The whole list can be found here:

They also produce a list of the “Top Cops” who made the most DUI arrests, which can be found here:  It is interesting to me that the top 5 cops all are stationed in the Chicago area, and they make up 8 of the top 10.  Overall, there were nine Chicago cops who made 100 or more DUI arrests in 2015, as well as another 2 Illinois State Police Officers patrolling the Chicago highways.  Three officers had more than 225 arrests, and one had 310!  Considering that the average officer works less than 250 days of the year, that is at least one DUI arrest per shift.

DUI arrests in Chicago cut in half over 10 years

Nearly five years ago, I posted a blog about “Why are DUIs becoming less frequent?” where I noted that DUI arrests were going down and I posited some ideas about why.  That was before the rise of ride sharing apps, which may be an additional factor as well as the trends which I mentioned before which have not changed.

My thoughts back then were:

1. The penalties for committing a DUI have gone way up; this includes vehicle forfeitures, fines 2-3 times what they were, mandatory breath ignition interlock devices, mandatory minimum sentencing and expanded eligibility for felony classification. These tough new laws have been heavily advertised.
2. Public attitudes against drunk driving continue a thirty year trend towards less and less acceptance. When is the last time that you saw a “comic drunk” in a movie or tv show?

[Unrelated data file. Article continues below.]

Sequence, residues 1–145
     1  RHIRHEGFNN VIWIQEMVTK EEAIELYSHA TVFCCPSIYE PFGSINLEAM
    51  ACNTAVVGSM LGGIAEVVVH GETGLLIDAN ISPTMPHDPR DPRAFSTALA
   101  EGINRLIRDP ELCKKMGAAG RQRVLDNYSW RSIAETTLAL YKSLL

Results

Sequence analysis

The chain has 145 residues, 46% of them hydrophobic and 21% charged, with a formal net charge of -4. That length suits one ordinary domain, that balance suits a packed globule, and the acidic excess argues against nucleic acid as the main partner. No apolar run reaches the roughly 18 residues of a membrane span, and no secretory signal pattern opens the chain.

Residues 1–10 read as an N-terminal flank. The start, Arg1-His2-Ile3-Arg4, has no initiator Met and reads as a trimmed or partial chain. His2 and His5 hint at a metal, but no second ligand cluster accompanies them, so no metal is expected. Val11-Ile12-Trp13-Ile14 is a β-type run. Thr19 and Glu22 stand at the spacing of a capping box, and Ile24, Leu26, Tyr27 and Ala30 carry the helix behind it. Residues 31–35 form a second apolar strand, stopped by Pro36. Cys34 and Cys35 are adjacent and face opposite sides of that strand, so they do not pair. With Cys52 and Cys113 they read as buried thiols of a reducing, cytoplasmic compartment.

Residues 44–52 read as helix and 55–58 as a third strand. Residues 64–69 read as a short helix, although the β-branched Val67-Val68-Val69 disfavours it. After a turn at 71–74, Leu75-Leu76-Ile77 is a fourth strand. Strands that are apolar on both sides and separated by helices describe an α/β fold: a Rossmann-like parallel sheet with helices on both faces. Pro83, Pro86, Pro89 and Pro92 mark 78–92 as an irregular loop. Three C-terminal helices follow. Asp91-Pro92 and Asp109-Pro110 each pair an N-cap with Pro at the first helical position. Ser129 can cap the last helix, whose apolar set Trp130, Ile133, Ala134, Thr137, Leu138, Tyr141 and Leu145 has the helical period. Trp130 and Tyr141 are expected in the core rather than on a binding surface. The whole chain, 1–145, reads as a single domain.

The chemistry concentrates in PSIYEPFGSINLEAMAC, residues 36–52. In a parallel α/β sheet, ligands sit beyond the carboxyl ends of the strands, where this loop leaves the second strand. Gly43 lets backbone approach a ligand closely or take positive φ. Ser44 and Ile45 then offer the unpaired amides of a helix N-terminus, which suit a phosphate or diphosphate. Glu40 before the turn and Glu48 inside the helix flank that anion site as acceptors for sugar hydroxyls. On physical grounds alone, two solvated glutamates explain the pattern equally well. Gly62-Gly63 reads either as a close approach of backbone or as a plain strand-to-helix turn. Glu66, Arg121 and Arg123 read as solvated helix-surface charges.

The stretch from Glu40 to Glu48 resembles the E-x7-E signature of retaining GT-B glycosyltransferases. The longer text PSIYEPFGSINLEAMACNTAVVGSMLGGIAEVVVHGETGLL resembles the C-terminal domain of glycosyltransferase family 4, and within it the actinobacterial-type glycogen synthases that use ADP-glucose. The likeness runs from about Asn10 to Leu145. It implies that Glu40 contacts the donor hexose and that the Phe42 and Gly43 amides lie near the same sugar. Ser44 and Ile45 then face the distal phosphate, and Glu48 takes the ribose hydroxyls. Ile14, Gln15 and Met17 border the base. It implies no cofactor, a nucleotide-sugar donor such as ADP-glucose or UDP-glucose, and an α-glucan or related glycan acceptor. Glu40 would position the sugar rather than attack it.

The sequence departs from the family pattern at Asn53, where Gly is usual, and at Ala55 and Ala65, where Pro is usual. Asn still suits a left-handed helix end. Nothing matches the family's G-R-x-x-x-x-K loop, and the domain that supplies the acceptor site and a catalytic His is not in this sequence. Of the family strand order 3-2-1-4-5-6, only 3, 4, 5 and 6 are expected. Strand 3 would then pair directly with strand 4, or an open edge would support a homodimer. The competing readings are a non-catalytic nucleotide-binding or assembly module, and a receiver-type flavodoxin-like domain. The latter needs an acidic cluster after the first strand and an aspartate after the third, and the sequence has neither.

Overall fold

3. Less people are going out to drink due to the economy and smoking bans. People may also be more risk-averse in these bad economic times and more unwilling to chance the financial, legal and professional costs of a DUI.
4. Less traffic stops due to less police officers on the street and the expanded use of red light and speeding cameras instead of police for traffic enforcement.
5. In Chicago, many of our top DUI officers are no longer on patrol, as many of them were caught exaggerating or making up facts. Other officers have been on an unofficial work stoppage in misplaced solidarity with these officers.

The proof of this is in the Alliance Against Intoxicated Motorists (“AAIM”) latest report which shows that DUI arrests in Chicago have dropped in half over the past ten years.


Chicago DUI arrests have steadily declined: 3,395 in 2013, down significantly from the 2000s, when the Police Department charged 4,341 in 2009, 5,262 in 2008 and 6,257 in 2007.

The story gives some possible reasons for the decline:

Bob Cebrzynski, president of the alliance’s board of directors, called it “an encouraging sign,” saying, “Maybe public awareness over the last 20 years with ‘Don’t Drink and Drive’ is finally hitting home.

“Maybe Uber has something to do with it,” he added. “Maybe Lyft has something to do with it.”

Police officials, however, say decades of common-sense advisories on the dangers of drinking and driving are finally sinking in.

Chicago Police spokesman Anthony Guglielmi said that for the last several years police and other agencies “have been doing a lot to raise awareness on the dangers of drinking and driving. Between all of the federal campaigns like ‘over the limit, under arrest’ and proactive enforcement from state and local police departments, I think people are much more aware of the dangers today than perhaps 10 years ago.